It’s typical to hear from drivers and even battery chargers that you shouldn’t keep your car batteries on the floor for long periods of time.
Their rationale is that leaving your car battery on a cold, concrete floor without any insulation, such as a wooden plank or an old rag, could cause it to discharge extremely quickly or perhaps cause irreversible damage.
Is this factual, or is it just rhetoric?
To begin, consider the actual substance that comes into contact with the floor when your car battery is placed on the floor.
It is a strong material (Polypropylene) that acts as an electrical insulator.
Your car battery supplies electrical power to your vehicle through terminals on top of it, which have no contact with the ground.
That was not always the case.
Car batteries used to be constructed with wooden cases, which meant that if they were left on the floor for long periods of time, the dampness in the floor would soak into the wooden box, causing current to flow onto the floor, gradually depleting your car battery.
Battery manufacturers eventually changed the casings to toughened rubber. This was ineffective in resolving the issue.
A wet concrete floor reacts with the carbon in the rubber battery casings, causing an electrical current to flow.
As previously stated, today’s automotive batteries are enclosed in a strong plastic casing that completely insulates the battery.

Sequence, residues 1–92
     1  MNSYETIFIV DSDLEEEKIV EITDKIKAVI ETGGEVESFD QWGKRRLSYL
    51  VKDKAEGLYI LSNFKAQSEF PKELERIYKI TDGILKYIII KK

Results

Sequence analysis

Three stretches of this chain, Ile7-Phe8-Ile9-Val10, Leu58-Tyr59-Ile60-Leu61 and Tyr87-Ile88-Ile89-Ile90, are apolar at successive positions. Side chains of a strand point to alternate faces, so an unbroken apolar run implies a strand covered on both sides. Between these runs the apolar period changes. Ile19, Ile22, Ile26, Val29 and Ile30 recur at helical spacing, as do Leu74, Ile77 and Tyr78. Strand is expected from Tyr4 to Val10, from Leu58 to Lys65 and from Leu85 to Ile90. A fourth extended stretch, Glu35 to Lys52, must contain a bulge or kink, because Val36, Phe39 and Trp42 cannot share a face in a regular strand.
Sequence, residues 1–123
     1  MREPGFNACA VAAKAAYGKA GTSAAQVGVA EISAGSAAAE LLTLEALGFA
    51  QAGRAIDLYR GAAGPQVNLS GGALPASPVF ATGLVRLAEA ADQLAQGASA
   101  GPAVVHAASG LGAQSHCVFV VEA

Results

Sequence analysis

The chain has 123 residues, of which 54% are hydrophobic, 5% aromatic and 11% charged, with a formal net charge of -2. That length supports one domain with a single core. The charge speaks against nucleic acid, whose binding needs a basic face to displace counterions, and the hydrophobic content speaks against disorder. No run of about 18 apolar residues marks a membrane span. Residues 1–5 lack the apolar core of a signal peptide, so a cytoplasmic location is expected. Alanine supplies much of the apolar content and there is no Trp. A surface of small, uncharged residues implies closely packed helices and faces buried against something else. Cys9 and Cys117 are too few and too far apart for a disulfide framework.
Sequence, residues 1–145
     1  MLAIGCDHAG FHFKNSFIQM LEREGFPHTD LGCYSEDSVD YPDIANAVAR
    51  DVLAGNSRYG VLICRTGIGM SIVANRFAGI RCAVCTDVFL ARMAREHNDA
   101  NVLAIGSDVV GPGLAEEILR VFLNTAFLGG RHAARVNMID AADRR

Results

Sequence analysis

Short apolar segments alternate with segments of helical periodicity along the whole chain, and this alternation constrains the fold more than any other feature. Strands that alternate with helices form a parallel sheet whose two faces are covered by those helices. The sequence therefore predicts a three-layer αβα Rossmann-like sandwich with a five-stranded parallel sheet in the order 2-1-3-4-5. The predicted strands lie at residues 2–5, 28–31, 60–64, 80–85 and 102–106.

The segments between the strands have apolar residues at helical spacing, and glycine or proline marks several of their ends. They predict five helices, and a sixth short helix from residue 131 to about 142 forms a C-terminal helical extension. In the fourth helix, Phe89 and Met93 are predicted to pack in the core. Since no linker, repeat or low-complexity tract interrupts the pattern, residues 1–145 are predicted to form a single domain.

A clean concrete floor is an ideal location for storing your car battery.
Concrete has a high thermal mass, which helps to reduce temperature swings in the battery compartment.
However, yes. Because of poor maintenance, your battery may “leak” power between the terminals.
Acid escaping from the cells might carbonize the dirt and make it electrically conductive if dust and debris accumulate between the terminals. As a result, damage and progressive discharge occur.
This can be avoided by cleaning the tops of your battery casings and the terminals on a regular basis when doing battery checkups.
Self-discharge is also a common occurrence when a battery is stored for an extended period of time. This can be mitigated by using a Trickle Charger.
With the recent rains, you may also want to know that placing your car battery on a cool (not wet) floor is fine. Chemical activation is reduced in a cold battery. This is why, in cold temperatures, older and poorly maintained car batteries are reluctant to crank (newer batteries are not bothered)
Warmth improves battery performance — when the battery is warm, reactions are faster, and when it is cold, reactions are slower.
Lead-acid batteries are not damaged by cold temperatures unless they are significantly discharged or misused.
Ensure that your batteries are fully charged at all times. It should be cleaned on a regular basis. Store